ISBN: 9780262344548 | 392 pp. | May 2018

The Origins of Musicality

Edited by Henkjan Honing
Foreword by W. Tecumseh Fitch

Research shows that all humans have a predisposition for music, just as they do for language. All of us can perceive and enjoy music, even if we can’t carry a tune and consider ourselves “unmusical.” This volume offers interdisciplinary perspectives on the capacity to perceive, appreciate, and make music. Scholars from biology, musicology, neurology, genetics, computer science, anthropology, psychology, and other fields consider what music is for and why every human culture has it; whether musicality is a uniquely human capacity; and what biological and cognitive mechanisms underlie it.

Contributors outline a research program in musicality, and discuss issues in studying the evolution of music; consider principles, constraints, and theories of origins; review musicality from cross-cultural, cross-species, and cross-domain perspectives; discuss the computational modeling of animal song and creativity; and offer a historical context for the study of musicality. The volume aims to identify the basic neurocognitive mechanisms that constitute musicality (and effective ways to study these in human and nonhuman animals) and to develop a method for analyzing musical phenotypes that point to the biological basis of musicality.

Jorge L. Armony, Judith Becker, Simon E. Fisher, W. Tecumseh Fitch,  Bruno Gingras, Jessica Grahn, Yuko Hattori, Marisa Hoeschele, Henkjan Honing, David Huron, Dieuwke Hupkes, Yukiko Kikuchi, Julia Kursell, Marie-Élaine Lagrois, Hugo Merchant, Björn Merker, Iain Morley, Aniruddh D. Patel, Isabelle Peretz, Martin Rohrmeier, Constance Scharff, Carel ten Cate, Laurel J. Trainor, Sandra E. Trehub, Peter Tyack, Dominique Vuvan, Geraint Wiggins, Willem Zuidema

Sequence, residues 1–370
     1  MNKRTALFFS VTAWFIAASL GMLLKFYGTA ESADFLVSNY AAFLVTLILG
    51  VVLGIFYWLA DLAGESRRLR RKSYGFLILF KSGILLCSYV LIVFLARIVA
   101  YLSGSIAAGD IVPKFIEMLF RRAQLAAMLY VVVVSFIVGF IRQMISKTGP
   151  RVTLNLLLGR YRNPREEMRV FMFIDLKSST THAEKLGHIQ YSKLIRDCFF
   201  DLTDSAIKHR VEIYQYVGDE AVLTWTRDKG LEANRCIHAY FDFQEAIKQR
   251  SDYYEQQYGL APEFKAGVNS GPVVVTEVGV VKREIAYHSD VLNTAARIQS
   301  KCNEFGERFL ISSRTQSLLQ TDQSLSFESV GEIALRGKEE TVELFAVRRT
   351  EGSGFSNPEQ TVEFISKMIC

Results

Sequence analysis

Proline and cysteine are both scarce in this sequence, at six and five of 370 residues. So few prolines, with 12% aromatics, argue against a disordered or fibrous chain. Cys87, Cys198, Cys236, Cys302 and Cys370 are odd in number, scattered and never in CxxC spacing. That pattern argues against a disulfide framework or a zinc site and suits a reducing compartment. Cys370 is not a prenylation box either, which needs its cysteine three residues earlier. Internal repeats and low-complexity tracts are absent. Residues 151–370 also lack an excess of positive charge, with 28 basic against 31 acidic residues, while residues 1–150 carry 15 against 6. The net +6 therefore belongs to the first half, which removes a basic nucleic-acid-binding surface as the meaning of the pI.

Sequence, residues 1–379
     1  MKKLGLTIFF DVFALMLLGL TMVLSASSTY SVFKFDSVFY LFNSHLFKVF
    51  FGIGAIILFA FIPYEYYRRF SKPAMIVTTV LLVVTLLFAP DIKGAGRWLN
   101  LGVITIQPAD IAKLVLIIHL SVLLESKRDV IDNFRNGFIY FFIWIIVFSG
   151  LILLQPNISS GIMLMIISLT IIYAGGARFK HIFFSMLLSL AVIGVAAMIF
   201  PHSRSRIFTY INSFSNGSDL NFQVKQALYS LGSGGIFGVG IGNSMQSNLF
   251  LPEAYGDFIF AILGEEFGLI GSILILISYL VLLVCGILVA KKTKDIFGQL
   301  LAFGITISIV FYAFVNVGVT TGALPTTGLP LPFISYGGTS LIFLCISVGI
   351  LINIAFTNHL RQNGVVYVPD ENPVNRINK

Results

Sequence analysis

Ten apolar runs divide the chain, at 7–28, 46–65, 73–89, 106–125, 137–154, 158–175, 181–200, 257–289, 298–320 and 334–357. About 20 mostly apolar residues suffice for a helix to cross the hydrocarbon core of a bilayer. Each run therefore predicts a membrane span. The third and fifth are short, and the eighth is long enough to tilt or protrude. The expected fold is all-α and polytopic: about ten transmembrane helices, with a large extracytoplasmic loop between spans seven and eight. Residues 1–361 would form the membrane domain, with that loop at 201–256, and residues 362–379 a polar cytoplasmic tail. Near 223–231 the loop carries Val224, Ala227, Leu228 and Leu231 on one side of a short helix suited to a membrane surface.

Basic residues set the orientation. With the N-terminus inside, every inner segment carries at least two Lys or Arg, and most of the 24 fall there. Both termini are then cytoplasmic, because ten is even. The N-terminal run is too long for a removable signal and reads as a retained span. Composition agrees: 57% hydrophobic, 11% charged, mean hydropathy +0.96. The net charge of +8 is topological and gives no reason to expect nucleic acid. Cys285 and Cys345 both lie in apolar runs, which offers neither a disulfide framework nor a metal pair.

Table of Contents

  1. Foreword
  2. Preface
  3. 1. Musicality as an Upbeat to Music: Introduction and Research Agenda
  4. 2. Four Principles of Biomusicology
  5. 3. Five Fundamental Constraints on Theories of the Origins of Music
  6. 4. The Origins of Music: Auditory Scene Analysis, Evolution, and Culture in Musical Creation
  7. 5. Music as a Transformative Technology of the Mind: An Update
  8. 6. Cross-Cultural Perspectives on Music and Musicality
  9. 7. Searching for the Origins of Musicality across Species
  10. 8. Finding the Beat: A Neural Perspective across Humans and Nonhuman Primates
  11. 9. Neural Overlap in Processing Music and Speech
  12. 10. Defining the Biological Bases of Individual Differences in Musicality
  13. 11. Formal Models of Structure Building in Music, Language, and Animal Song
  14. 12. The Evolutionary Roots of Creativity: Mechanisms and Motivations
  15. 13. Affect Induction through Musical Sounds: An Ethological Perspective
  16. 14. Carl Stumpf and the Beginnings of Research in Musicality
  17. Contributors
  18. Index